Testosterone Spikes: Predictor of Performance?

For a long time, I’d never really considered the hormonal aspects of training as being very important. It seems like a lot of wanking over what is, at best, a transient hormonal spike in response to a stimulus (in this case, exercise).

We’re talking brief here, like 45-60 minutes of increased testosterone which is, at best, a slight elevation off baseline. Steroid cycles have to magnify this level many times over to see drastic results.

However, there has been some correlation between testosterone and cortisol levels with the condition of the athlete. The first group I’m aware of that really investigated it were Lon Kilgore and Glenn Pendlay, who determined that the ratio of testosterone to cortisol was an accurate predictor of the state of the athlete — a marker of overtraining and overreaching, in other words.

Pendlay, G. and L. Kilgore (2001). Hormonal fluctuation: A new method for the programming of training. Weightlifting USA 19(2): 15.

Other (apparently unpublished) thesis research from Glenn Pendlay and Michael Hartmann has more or less confirmed that the test:cortisol ratio is depressed during hard training, but when unloading occurs it will sharply increase above baseline after adequate rest has occurred.

It seems like there’s definitely a correlation between testosterone levels and the athlete’s condition, even if it’s not responsible.

Is there anything more to it? There just might be.

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Ephedra and Caffeine: No good for strength?

The Effect of Ephedra and Caffeine on Maximal Strength and Power in Resistance-Trained Athletes Journal of Strength and Conditioning Research:Volume 22(2)March 2008pp 464-470 Caffeine and ephedrine-related alkaloids recently have been removed from International Olympic Committee banned substances lists, whereas ephedrine itself is now permissible at urinary concentrations less than 10 μg·mL-1. The changes to the … Read more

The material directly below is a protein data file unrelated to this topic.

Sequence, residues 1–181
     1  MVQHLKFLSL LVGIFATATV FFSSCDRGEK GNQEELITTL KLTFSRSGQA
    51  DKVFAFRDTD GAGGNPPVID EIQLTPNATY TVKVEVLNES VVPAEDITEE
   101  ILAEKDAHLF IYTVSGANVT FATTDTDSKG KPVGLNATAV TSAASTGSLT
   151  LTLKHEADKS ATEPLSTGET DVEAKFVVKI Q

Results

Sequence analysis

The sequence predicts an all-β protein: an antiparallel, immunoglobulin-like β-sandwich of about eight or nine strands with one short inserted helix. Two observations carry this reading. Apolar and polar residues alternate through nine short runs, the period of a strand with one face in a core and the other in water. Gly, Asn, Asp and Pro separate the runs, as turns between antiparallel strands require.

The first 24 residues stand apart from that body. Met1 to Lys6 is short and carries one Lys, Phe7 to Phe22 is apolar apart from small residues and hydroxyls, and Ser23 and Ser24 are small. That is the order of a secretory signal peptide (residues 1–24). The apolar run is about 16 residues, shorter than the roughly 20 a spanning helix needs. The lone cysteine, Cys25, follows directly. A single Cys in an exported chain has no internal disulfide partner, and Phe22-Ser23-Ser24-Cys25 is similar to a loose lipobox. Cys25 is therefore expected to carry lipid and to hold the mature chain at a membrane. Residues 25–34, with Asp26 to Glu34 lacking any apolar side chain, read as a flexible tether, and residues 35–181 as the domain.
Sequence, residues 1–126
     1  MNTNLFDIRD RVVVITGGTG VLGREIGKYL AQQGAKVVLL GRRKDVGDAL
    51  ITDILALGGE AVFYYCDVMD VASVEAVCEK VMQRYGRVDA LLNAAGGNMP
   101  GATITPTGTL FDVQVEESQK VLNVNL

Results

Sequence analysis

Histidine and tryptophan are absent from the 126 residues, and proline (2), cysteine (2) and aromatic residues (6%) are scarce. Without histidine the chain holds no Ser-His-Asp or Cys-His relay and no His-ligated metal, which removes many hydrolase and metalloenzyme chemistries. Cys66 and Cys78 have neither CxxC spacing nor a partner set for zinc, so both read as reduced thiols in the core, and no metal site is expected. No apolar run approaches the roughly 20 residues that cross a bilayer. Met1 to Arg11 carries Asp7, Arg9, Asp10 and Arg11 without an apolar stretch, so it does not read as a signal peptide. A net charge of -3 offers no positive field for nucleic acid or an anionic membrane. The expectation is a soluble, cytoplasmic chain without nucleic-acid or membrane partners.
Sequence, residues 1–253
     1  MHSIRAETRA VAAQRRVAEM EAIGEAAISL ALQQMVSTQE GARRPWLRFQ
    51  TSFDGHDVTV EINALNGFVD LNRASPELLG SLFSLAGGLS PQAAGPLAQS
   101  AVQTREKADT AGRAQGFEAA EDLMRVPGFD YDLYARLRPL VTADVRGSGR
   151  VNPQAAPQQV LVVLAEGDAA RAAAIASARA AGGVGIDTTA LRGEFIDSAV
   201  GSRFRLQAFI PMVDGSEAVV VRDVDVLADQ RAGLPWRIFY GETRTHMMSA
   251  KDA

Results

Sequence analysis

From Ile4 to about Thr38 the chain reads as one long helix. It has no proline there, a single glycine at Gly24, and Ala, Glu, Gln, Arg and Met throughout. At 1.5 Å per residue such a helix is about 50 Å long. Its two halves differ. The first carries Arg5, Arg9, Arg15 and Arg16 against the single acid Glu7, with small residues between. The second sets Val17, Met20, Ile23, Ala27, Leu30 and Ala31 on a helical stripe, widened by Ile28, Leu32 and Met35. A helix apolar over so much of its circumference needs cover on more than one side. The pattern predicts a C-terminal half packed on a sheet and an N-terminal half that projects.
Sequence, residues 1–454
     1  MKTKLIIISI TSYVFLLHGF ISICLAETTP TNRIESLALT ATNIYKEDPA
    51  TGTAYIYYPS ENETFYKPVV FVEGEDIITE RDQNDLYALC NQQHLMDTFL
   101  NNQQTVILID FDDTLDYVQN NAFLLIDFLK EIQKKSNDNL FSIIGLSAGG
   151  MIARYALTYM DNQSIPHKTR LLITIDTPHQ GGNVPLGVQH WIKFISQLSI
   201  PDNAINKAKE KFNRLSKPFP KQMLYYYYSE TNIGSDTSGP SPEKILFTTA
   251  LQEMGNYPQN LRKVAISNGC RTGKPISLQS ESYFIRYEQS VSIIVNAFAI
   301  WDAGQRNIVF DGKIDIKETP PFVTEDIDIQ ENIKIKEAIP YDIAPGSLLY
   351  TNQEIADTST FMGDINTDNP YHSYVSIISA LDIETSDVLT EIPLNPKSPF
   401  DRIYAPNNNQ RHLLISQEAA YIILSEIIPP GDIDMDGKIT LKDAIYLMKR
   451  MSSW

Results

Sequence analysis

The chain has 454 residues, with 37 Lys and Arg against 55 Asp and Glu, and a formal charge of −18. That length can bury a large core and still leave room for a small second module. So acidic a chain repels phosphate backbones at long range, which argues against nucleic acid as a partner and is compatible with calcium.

Functional or Not?

What does the word “functional” mean to you?

If you’ve had any sampling of the modern fitness industry, “functional” will probably mean doing exercises that have a high carryover to the motions and actions found in most team sports.

It could just as easily mean standing on a wobble board doing one-handed dumbbell presses, in order to improve “core stability”.

Have you ever stopped to think what “functional” really means, though?

The word itself should give you a hint. A more appropriate definition of functionality would be “the way the body’s systems work in order to create motor output”, to paraphrase the late Mel Siff.

In other words, functional training is a formal way of saying “training to improve how the body works in order to perform in specific ways”.

When somebody says that something is “functional”, the response should be “functional for what?”. Functional training is not just a discrete thing you can point to. It’s not a style of training, as much as people like to quantify training in this way.

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Machines vs. Free Weights: A Problem of Context

This is one of the oldest and most frequently debated subjects in the field of weight training.

As per the status quo in these arguments, you have camps that are polarized on both sides of the issue.

I’ll give a little summary of each side, then throw in the Common Sense outlook.

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Adrenal Fatigue: A Quack Disease for the New Millennium

Adrenal fatigue is the new fad for all the quack doctors and fitness trainers of the modern day. Just don’t ask anybody with medical training.

Why, you may ask? Well, when this first started cropping up as the Next Big Thing, I did a little checking around on Google, and the top results were from a doctor yes, but not in the way you might think. The results belonged to one Dr. James Wilson. More accurately, his website designed will all the standard Inner Circle Marketing cliches.

For obvious reasons this set off my bullshit alarms at once; if you Google search any real disease, you’ll find that actual, you know, information pops up, not some doctor using his MD as an appeal to authority while he tries to sell you things.

I didn’t give up, though. I went over to Pubmed, which is a repository of health and medical research that contains an index of virtually every medical-related publication. Again, if this were a valid thing you’d expect a good number of results.

The search string “adrenal fatigue” returned zero (0) matches.

By now I’m 95% convinced this is garbage. But, just to be fair and to prove to myself that it’s the case, I dig around a little more.

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